Ross | Mr. Automotive Compliance Professional
GMAT 710, GPA 3.7
Chicago Booth | Mr. Oil & Gas Leader
GMAT 760, GPA 6.85/10
Stanford GSB | Mr. Seeking Fellow Program
GMAT 760, GPA 3
Wharton | Mr. Real Estate Investor
GMAT 720, GPA 3.3
Cornell Johnson | Ms. Chef Instructor
GMAT 760, GPA 3.3
Chicago Booth | Ms. CS Engineer To Consultant
GMAT 720, GPA 3.31
Harvard | Mr. Climate
GMAT 720, GPA 3.4
Wharton | Mr. New England Hopeful
GMAT 730, GPA 3.65
Wharton | Mr. Digi-Transformer
GMAT 680, GPA 4
Berkeley Haas | Mr. Bangladeshi Data Scientist
GMAT 760, GPA 3.33
Harvard | Mr. Military Banker
GMAT 740, GPA 3.9
Ross | Ms. Packaging Manager
GMAT 730, GPA 3.47
Chicago Booth | Mr. Private Equity To Ed-Tech
GRE 326, GPA 3.4
Harvard | Mr. Gay Singaporean Strategy Consultant
GMAT 730, GPA 3.3
Cornell Johnson | Mr. Electric Vehicles Product Strategist
GRE 331, GPA 3.8
Columbia | Mr. BB Trading M/O To Hedge Fund
GMAT 710, GPA 3.23
Columbia | Mr. Old Indian Engineer
GRE 333, GPA 67%
Harvard | Mr. Athlete Turned MBB Consultant
GMAT 720, GPA 3.4
Ross | Mr. Civil Rights Lawyer
GMAT 710, GPA 3.62
Stanford GSB | Mr. Co-Founder & Analytics Manager
GMAT 750, GPA 7.4 out of 10.0 - 4th in Class
Cornell Johnson | Ms. Environmental Sustainability
GMAT N/A, GPA 7.08
Cornell Johnson | Mr. Trucking
GMAT 640, GPA 3.82
Ross | Mr. Low GRE Not-For-Profit
GRE 316, GPA 74.04% First Division (No GPA)
Harvard | Mr. Marine Pilot
GMAT 750, GPA 3.98
Harvard | Mr. Army Intelligence Officer
GRE 334, GPA 3.97
Harvard | Ms. Data Analyst In Logistics
GRE 325, GPA 4
McCombs School of Business | Mr. Comeback Story
GRE 313, GPA 2.9

The Disruptors: An Online MBA For Under $10K?

Rasmussen University entered the online MBA market last year with a simple proposition: Earn an affordable, competency-based MBA in as little as 18 months. Courtesy

Scrolling through his phone, Jeffrey Booth didn’t believe the advertisement’s headline. An online MBA for $10,000? It must be an error, he thought. Maybe a scam.

Booth, a facilities and environmental services manager at a large healthcare system in Minnesota, had been kicking around the idea of getting an MBA for a while. But at 44, with fewer years left in the workforce than, say, a 26 year old, he wasn’t sure he’d have time to recoup the investment, and most programs he saw were charging $40,000, $50,000 or more. Further, two decades removed from his undergrad degree, the thought of a traditional classroom just wasn’t appealing.

“So, when I heard $10,000, it was a no brainer. As a dad, a working professional, a husband, a person who has time demands that are incredible, I needed something super flexible and something that gave me the ability to drive my own learning,” he tells Poets&Quants.

He found that at Rasmussen University.

RASMUSSEN UNIVERSITY’S $10K MBA

In fall 2020, Rasmussen University entered the online MBA market with a simple proposition: Earn an affordable, competency-based MBA in as little as 18 months. The degree is priced just shy of $10,000. Its first cohort of students, including Booth, will graduate this spring, though some have graduated already by taking three courses per quarter instead of two.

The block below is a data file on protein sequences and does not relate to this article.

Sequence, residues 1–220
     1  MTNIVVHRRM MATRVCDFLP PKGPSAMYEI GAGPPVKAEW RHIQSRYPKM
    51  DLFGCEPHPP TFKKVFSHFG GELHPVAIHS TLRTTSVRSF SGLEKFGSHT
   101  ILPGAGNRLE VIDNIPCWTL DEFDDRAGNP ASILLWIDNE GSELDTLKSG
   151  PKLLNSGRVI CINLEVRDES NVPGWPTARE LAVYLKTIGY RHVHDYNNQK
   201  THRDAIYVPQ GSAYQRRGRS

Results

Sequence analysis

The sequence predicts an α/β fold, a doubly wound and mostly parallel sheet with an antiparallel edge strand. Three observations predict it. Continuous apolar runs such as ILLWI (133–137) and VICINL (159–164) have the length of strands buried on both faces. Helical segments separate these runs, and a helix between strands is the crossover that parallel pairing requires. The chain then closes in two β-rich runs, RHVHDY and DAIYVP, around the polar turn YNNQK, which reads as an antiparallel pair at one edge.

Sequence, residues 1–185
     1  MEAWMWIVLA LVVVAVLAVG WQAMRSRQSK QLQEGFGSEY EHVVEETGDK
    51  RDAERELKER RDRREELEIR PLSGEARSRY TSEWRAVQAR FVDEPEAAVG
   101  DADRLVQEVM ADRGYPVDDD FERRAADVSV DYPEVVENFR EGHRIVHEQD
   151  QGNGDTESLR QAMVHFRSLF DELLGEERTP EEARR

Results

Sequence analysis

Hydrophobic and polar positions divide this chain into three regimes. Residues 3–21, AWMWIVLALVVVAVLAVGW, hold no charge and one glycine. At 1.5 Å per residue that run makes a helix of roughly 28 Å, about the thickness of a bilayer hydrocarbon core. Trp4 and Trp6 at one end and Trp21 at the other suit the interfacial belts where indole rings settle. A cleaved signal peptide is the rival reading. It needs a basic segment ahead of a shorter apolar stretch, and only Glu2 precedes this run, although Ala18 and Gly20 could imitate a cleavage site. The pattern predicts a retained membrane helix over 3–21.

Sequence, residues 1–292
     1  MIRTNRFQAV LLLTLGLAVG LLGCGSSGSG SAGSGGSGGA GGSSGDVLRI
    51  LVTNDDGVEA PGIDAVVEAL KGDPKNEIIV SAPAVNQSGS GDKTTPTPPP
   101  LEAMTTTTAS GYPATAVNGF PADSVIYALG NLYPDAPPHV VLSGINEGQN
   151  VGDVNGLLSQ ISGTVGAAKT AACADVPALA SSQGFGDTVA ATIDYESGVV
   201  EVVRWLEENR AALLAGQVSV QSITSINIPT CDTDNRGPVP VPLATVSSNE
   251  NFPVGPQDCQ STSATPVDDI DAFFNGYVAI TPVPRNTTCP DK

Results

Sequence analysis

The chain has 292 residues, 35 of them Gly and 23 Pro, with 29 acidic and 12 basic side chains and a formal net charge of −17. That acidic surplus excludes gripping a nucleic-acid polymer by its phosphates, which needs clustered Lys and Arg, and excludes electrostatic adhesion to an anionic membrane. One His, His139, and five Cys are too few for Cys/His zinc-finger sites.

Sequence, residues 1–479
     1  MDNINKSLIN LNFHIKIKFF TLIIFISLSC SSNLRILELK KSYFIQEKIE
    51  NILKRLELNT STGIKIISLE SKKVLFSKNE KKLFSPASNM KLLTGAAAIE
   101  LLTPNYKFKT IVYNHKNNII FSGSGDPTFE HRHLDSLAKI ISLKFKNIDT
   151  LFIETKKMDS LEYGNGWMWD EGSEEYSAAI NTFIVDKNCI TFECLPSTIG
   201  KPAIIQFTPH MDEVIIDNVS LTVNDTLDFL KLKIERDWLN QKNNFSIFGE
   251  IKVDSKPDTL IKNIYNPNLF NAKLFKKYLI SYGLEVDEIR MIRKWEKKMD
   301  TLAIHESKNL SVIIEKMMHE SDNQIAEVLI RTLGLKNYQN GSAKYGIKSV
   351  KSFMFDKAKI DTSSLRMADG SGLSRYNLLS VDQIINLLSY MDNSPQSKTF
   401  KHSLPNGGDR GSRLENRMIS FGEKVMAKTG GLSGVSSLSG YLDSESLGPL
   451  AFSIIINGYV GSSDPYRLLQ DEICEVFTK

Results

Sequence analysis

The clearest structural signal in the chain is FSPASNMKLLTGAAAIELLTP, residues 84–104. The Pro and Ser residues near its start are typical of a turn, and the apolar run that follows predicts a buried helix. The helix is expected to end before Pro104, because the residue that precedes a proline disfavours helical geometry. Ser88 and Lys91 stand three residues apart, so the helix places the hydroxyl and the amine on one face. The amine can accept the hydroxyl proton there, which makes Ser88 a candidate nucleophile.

Jennifer Moorhead, Department Dean of Rasmussen’s School of Business

As the cost of an MBA continues to rise, more prospective students are putting pencil to paper to calculate whether the hefty price tag is worth the investment. Expected salary, time left in the workforce, time to completion, and cost of the degree all come into play. Even in the online space, MBA costs at the top schools can reach six figures, and many are climbing, according to Poets&Quants’ look at the most and least expensive online MBA programs for 2021. For example, Carnegie Mellon University’s Tepper School of Business’ online MBA program cost $141,320, up from $132,000 in 2018. 

Rasmussen isn’t the only player in the low-cost niche. Rogers State University of Oklahoma’s 18-month online MBA costs just $10,880, North Dakota’s Nistler College of Business is $18,391, and University of Massachusettes-Lowell is $19,650. While there may still be a stigma around a lower-priced, online master’s, it appears to be dissipating. Students who aren’t looking for careers in consulting, investment banking or other high-salaried industries can’t see the value in the expensive programs at top-ranked business schools. Online programs are often better tailored to their local markets because they are developed with the workforce, and the employers, in mind. 

“Unfortunately, folks often have a negative connotation with a lower priced program, but we did not develop this to be an MBA Light,” says Jennifer Moorhead, Department Dean of Rasmussen’s School of Business and General Education. “Rasmussen follows a standardized curriculum and program development process agnostic of market price. The curriculum is built with just as much rigor and attention to quality regardless of the price.”

Rasmussen is a private, for-profit university with 23 campuses across six states. Its total enrollment is around 17,000, but doesn’t publish figures for individual programs, Moorhead says. It is accredited by The Higher Learning Commission.

The university caters to more non-traditional students who are older or from underrepresented groups, who already participate in the job market, and who are looking for skills and/or degrees to help them find a better job or advance in their careers. That’s who this online MBA targets as well. It requires no GRE or GMAT and offers four start dates per year. The school works closely with local industry to develop programs that are in demand in their markets, Moorhead says.

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